1. Bottom’s Up Kettlebell Carries 
This is a great one to start with. Find a shoulder position that feels comfortable. Crush the handle and go for a controlled walk. Use a spotter or keep your other hand ready to help prevent a concussion. Try 2-4 sets per side with each hand. Walk approximately 20-30 meters per set.

2. Bottom’s Up Kettlebell Press
With this one, you crush the kettlebell handle and slowly press it up. Move your elbow in or out to find a comfortable range. Use one arm at a time. Start with a partial range of motion and gradually increase, as your shoulders get stronger and more stable. Again, use a spotter or keep your other hand ready to help prevent a concussion. Try 2-4 sets per side with about 5-10 reps. Go slow and controlled. 

Shoulder Stability Exercise 3: Get-Up Variations
The get-up is great for building stability in your shoulder as many other parts of your body. It also forces you to get strong and stable in multiple planes of motion. 

Level 1: Modified Arm Bar
The traditional armbar is more of a shoulder mobilizer. However, if you avoid trying to twist your chest towards the ground, it can be a good shoulder stabilizer. Try holding this position for 10-20 seconds. Switch sides after each hold. Try about 4-8 holds per side.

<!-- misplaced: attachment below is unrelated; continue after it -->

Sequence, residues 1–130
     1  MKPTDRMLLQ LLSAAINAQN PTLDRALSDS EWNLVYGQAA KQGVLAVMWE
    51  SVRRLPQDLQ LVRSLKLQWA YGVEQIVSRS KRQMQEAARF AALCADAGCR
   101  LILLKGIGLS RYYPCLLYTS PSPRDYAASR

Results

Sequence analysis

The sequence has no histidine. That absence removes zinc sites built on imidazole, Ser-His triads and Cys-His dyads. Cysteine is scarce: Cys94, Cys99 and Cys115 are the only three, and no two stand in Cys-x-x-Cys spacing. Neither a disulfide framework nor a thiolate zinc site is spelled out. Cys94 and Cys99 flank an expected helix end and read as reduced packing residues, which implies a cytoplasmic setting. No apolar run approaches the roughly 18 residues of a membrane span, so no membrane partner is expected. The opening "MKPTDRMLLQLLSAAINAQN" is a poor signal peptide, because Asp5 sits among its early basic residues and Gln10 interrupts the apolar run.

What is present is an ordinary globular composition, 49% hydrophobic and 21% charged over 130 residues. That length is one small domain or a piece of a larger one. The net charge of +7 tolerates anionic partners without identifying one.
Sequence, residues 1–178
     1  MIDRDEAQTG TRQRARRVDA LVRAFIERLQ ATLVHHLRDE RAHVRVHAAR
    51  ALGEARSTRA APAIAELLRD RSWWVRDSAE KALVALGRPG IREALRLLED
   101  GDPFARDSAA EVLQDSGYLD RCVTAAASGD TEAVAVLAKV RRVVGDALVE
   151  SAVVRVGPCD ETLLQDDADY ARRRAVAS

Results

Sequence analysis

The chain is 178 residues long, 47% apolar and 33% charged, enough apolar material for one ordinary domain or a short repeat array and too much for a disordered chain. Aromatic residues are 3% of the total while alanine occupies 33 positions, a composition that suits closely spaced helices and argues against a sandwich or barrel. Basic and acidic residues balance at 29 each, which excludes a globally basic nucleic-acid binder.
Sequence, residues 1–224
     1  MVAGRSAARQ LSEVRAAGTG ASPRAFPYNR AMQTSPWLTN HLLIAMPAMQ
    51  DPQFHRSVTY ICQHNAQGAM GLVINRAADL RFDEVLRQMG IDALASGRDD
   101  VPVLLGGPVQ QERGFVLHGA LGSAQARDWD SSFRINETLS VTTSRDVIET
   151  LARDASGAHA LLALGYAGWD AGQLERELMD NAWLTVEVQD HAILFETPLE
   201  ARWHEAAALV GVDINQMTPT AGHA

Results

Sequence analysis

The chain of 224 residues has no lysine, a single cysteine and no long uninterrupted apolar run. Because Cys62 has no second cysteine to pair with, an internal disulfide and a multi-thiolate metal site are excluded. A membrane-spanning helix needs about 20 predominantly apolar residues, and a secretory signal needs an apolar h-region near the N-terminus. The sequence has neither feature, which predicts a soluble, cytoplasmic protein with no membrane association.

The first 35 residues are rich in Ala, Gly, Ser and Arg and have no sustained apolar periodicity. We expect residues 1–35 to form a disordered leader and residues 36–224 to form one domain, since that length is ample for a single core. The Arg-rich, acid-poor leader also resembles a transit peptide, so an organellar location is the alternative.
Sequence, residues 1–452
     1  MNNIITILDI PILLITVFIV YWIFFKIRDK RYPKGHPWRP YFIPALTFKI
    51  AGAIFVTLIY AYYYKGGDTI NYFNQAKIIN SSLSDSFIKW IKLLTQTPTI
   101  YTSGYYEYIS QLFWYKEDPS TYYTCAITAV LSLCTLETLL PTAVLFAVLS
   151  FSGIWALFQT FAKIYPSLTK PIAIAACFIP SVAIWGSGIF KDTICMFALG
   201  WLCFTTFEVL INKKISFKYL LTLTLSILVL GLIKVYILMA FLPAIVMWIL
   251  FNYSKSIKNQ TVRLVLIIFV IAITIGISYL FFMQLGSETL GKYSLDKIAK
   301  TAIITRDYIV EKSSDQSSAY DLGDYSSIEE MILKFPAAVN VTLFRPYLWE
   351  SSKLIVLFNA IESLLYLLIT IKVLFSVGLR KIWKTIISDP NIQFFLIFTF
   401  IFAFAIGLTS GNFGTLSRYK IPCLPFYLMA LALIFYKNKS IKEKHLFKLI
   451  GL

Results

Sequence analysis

Level 2: Half Get-Up
The half-get-up will still build a lot of stability. It is also a little easier to learn and do than the full get-up. Be sure to stop, pause, and “own” each position on the way up and back down. Try 3-6 reps per side. Switch sides each rep and rest as needed between reps.

Level 3: The Full Get-Up
The full get-up takes you all the way to standing and back to the ground. Again, make sure you “own” each position. Try 3-6 reps per side. Switch sides each rep and rest as needed between reps.

Other Considerations
In addition to this direct shoulder stability work, you can adjust your training program to use exercises that require shoulder stability in various positions

Zercher Squats require shoulders stability with your arms at your sides.

Suspension Strap Push-Ups let your build upper body pushing strength and stable shoulders.

Rows are great to build upper back strength to help you. Learn to do them properly by fully squeezing your shoulder blades together. Then get really strong at them. 

Loaded Carries
In addition to the bottom’s up carries we covered previously, there are several loaded carry variations that can help with shoulder stability and functional strength. Here are a few more examples:
Shoulder stability with your arms at your sides: Farmer’s Walks

Shoulder stability with arms at your chest: Goblet Carry or Double-Kettlebell Racked Carry  

Shoulder stability with an arm overhead: Waiter’s Walks

I wish you all the best on your journey to stable shoulders and the rest of your training goals! 


  1. Solid choices coach. Love bottoms up KB work.

    1. Thanks for reading and commenting Shane. I hope all is well with you!